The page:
Banks benefit while KiwiSavers miss out on $1 billion

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Auckland, July 17, 2018

A group of financial consultants has sent an open letter to the Financial Markets Authority (FMA) and the Reserve Bank of New Zealand (RBNZ) proposing a 10-point Programme to address these inequities.

Over 400,000 KiwiSavers who have invested in default funds have missed out an estimated $1 billion over the last six years. This includes an estimated $70 million in overpaid taxes. Meantime, $1.5 billion of their funds are invested in securities issued by Australian-owned banks and insurance companies.*

The sufferers

Default funds are principally operated by banks and an insurance company.

These companies benefit when cash and bond securities are held by themselves or in each other. Their gain comes at the expense of KiwiSaver investors who effectively receive lower returns than they ought to be getting from a retirement investment. These poor returns are suffered primarily by New Zealanders least equipped to make considered investment decisions and provide for their retirement.

A group of independent financial advisers, who have no involvement with default KiwiSaver funds, are calling for immediate and substantial changes in the way default KiwiSaver funds operate.

Ten-Point Programme

They ask the Government, the RBNZ and the FMA to urgently undertake the following ten point programme:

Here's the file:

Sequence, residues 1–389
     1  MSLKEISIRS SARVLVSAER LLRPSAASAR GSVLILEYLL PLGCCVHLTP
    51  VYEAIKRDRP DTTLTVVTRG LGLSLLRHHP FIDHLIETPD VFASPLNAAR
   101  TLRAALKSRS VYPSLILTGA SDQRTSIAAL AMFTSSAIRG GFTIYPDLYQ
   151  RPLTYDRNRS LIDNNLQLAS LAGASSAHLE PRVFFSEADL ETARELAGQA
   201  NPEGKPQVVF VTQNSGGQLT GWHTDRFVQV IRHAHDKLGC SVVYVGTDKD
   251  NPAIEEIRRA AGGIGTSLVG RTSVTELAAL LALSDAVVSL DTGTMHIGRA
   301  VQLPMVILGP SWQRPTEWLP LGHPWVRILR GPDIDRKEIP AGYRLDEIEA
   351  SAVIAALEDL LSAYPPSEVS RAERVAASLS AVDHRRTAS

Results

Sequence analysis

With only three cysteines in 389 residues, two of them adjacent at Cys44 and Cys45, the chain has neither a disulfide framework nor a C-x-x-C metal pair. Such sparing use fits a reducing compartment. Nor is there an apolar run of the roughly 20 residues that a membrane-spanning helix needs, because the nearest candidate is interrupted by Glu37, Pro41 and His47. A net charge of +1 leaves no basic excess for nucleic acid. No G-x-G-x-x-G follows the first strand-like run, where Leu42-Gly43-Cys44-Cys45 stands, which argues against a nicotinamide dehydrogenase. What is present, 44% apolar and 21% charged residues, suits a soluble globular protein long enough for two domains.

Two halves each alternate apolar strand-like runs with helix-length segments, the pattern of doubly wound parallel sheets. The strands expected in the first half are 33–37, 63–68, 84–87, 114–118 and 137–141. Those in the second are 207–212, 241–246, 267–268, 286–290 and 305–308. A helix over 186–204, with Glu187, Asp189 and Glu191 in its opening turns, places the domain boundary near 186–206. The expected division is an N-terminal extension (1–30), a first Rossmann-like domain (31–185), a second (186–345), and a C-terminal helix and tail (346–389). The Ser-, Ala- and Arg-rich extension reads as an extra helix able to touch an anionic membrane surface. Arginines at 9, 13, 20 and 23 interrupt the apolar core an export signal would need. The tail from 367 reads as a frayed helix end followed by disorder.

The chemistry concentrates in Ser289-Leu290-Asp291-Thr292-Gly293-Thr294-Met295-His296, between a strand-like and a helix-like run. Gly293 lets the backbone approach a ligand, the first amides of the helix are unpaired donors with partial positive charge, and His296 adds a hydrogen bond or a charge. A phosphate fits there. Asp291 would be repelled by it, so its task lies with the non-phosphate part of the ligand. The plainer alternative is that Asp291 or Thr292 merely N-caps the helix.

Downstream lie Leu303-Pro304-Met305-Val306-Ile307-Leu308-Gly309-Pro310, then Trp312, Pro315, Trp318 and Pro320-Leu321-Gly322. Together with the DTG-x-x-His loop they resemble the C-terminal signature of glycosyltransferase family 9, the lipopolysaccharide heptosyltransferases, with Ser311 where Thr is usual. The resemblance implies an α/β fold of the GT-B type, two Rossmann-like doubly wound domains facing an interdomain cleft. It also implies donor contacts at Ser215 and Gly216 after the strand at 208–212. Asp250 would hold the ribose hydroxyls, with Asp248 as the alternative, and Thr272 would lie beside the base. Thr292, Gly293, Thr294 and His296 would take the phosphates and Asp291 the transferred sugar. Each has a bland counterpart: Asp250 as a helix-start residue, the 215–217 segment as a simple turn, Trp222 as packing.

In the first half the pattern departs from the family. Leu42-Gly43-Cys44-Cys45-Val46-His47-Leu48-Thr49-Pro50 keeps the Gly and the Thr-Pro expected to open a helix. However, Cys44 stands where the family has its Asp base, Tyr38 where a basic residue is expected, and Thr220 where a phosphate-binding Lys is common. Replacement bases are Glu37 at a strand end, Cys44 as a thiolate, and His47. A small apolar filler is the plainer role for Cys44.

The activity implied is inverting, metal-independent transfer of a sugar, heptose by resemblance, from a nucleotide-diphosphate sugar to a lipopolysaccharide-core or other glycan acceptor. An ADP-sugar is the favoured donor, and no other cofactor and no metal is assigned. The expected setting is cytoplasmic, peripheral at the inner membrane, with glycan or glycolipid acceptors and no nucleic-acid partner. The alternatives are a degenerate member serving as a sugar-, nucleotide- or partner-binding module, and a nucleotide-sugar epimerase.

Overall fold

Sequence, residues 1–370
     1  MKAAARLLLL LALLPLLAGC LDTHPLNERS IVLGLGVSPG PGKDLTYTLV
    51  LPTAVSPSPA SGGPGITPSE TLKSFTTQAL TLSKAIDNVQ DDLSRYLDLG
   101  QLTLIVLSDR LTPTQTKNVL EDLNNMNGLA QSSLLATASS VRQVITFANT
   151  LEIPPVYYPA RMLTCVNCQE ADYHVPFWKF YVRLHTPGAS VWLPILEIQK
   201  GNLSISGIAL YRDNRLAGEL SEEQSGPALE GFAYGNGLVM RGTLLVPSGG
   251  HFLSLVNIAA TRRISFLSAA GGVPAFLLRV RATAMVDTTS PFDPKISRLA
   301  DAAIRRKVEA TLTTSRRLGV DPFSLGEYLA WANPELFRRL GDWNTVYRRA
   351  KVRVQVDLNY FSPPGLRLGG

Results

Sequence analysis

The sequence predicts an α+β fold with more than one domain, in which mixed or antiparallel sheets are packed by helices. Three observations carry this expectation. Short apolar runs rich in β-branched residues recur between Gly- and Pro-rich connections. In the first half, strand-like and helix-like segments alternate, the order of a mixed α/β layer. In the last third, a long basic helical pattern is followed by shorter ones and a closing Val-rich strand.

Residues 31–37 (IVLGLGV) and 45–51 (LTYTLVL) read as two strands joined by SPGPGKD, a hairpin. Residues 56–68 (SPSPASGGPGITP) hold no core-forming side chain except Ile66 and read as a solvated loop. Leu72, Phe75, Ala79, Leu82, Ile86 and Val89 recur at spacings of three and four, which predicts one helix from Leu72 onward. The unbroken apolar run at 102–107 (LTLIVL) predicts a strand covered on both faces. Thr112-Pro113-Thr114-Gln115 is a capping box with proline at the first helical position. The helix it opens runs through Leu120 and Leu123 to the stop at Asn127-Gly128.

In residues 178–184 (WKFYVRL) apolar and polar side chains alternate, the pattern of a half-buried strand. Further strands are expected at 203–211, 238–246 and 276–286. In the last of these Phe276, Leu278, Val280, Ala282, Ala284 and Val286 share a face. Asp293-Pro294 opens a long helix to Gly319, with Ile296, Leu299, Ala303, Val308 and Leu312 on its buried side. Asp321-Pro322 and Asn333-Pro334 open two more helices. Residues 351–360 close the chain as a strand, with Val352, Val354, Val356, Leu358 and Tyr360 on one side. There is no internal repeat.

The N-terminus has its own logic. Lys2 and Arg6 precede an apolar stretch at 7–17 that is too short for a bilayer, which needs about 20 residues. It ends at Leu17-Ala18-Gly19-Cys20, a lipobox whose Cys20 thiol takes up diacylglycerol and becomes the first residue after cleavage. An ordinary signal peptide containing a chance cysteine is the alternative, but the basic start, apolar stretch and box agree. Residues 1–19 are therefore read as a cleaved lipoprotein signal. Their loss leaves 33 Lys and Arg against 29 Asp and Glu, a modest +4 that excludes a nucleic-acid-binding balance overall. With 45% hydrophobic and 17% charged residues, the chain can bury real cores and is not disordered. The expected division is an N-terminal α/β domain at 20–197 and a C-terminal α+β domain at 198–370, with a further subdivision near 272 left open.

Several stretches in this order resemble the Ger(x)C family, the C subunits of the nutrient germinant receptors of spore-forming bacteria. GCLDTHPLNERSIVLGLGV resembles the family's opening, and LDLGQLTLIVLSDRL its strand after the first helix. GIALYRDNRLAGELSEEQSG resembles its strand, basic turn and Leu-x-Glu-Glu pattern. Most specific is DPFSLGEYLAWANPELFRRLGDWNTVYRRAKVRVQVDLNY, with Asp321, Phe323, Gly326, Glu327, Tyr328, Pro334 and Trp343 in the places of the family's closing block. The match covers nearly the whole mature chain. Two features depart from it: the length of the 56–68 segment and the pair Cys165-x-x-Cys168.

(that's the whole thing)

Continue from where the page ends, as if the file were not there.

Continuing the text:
1. Change all the default fund options to balanced, not conservative fund types

2. Ensure IRD provides default fund managers correct member tax rates for all default members

3. Progressively remove all members still in a default fund after 12 months by switching them out

4. Establish a white labelled Government balanced fund into which all longer-term default members are switched

5. Stop new default member flows to any default fund provider who does not adequately meet specified engagement and switch out rates for default members

6. Instruct the white labelled Government balanced fund to minimise investments in Australian-owned bank securities

7. Require default fund providers to keep default KiwiSaver funds separate from other funds, to not use the word “default” in the name of any other fund they operate and to switch “active choice” members out of their default fund

8. Investigate KiwiSaver fund managers that have significant conflicts of interest in security selection or in the way they determine what fund types to recommend to members

9. Require default fund managers to refund management fees charged in relation to placing and keeping investments in their own issued securities

10. Require explicit identification and on-going disclosure of such conflicts to fund members

John Cliffe of Cliffe Consulting Company said that the problems with default KiwiSaver funds are systemic and long-standing.

“They are well understood, yet little of real substance has been done to resolve them by those involved, including the banks and insurance companies, the Financial Markets Authority, the Reserve Bank of New Zealand or successive Governments,” he said, speaking on behalf of the Group.

Three main issues

Using publicly available data the group has, for the first time, quantified how default KiwiSavers are missing out. Default KiwiSaver funds total around $4.6 billion, with approximately $1.5 billion of this invested in cash or short term bonds. The three main issues which have contributed to the default members missing out are (a) the appropriate

conservative default fund type setting (b) the failure of default fund managers to switch default members out to better funds at an appropriate rate and (c) over-taxation of a large number of New Zealanders in the default funds.

The Wrong Fund